Survival of the City: Living and Thriving in an Age of Isolation

Edward Glaeser and David Cutler. Penguin Press, $28 (480p) ISBN 978-0-593-29768-1
Cities are weakened when they privilege “insiders” (older property owners, large corporations, police and teachers’ unions) over “outsiders” (younger renters, immigrants, aspiring entrepreneurs), according to this ambitious and timely study of issues facing urban communities. Harvard economists Glaeser (Triumph of the City) and Cutler (The Quality Cure) first tackle public health crises, examining the effectiveness of quarantines and the role that sanitation infrastructure such as aqueducts and sewers have played in making cities healthier. (They argue that wealthy nations should fund similar projects in poorer countries in order to help prevent the next pandemic.) In the book’s second half, they address a wide range of social issues contributing to urban tensions and make policy suggestions, such as streamlining the permitting process for new businesses in order to speed economic recoveries, changing zoning laws to allow more high-density housing, and offering higher salaries to police officers who can develop programs to reduce crime while protecting civil rights. Though the authors’ tendency to make sweeping generalizations about the role cities have historically played in turning “poor children into richer adults” grates, their central arguments are sound. This is a valuable resource on how to make America’s cities better. Agent: Suzanne Gluck, WME. (Sept.)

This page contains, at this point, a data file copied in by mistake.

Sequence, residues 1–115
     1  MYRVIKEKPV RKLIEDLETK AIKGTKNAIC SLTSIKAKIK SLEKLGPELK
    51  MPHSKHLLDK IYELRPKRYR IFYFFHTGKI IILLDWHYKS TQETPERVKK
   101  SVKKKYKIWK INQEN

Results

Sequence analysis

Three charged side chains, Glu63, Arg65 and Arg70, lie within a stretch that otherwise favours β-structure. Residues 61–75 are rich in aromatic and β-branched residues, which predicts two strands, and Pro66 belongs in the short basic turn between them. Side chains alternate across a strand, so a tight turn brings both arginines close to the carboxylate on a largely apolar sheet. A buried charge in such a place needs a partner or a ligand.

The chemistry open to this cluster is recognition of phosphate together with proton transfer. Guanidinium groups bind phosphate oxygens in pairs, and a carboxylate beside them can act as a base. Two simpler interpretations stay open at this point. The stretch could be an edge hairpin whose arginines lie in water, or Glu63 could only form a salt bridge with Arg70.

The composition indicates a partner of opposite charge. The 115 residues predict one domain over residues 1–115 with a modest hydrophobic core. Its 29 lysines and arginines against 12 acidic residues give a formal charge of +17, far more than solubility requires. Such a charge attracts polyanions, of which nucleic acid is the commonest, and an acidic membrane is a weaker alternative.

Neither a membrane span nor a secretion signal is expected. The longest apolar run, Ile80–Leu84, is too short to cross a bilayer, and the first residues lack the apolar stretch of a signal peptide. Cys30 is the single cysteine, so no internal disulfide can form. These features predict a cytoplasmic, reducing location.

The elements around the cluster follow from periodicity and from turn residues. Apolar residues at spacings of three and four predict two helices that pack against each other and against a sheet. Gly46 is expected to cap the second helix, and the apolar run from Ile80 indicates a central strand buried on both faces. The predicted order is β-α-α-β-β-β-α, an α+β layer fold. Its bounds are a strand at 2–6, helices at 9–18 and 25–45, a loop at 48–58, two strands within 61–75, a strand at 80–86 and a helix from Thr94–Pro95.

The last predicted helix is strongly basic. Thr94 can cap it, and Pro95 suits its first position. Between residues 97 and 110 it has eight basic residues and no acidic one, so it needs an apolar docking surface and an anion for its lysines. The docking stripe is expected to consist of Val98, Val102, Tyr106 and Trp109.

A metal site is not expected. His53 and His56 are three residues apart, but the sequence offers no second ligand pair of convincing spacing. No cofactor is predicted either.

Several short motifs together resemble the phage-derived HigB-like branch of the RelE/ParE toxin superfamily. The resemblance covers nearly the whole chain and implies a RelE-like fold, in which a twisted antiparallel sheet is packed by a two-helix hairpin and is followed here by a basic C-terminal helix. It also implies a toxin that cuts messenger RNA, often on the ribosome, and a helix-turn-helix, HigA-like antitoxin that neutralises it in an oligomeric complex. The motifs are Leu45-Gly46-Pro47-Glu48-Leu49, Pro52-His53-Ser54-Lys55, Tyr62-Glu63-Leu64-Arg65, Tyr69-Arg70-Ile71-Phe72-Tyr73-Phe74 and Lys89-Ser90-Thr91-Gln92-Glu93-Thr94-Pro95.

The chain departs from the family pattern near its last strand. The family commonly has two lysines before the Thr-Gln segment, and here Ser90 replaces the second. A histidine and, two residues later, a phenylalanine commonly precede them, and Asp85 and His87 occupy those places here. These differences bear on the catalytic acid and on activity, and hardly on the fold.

Reviewed on : 06/25/2021
Release date: 09/07/2021
Genre: Nonfiction
Audio book sample courtesy of Penguin Random House Audio
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